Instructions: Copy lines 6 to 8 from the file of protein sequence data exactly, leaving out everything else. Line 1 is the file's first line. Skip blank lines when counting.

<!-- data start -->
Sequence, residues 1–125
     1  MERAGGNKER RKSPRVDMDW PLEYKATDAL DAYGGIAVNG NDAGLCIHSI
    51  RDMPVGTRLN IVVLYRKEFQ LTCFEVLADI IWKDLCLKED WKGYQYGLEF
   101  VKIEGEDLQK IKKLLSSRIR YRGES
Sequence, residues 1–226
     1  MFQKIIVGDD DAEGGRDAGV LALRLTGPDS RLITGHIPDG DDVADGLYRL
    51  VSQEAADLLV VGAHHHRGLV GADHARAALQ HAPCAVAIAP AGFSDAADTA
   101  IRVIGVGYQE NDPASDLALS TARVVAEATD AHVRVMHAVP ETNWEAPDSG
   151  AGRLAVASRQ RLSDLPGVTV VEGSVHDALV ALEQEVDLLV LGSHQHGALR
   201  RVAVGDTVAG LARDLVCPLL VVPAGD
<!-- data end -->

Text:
     1  MFQKIIVGDD DAEGGRDAGV LALRLTGPDS RLITGHIPDG DDVADGLYRL
    51  VSQEAADLLV VGAHHHRGLV GADHARAALQ HAPCAVAIAP AGFSDAADTA
   101  IRVIGVGYQE NDPASDLALS TARVVAEATD AHVRVMHAVP ETNWEAPDSG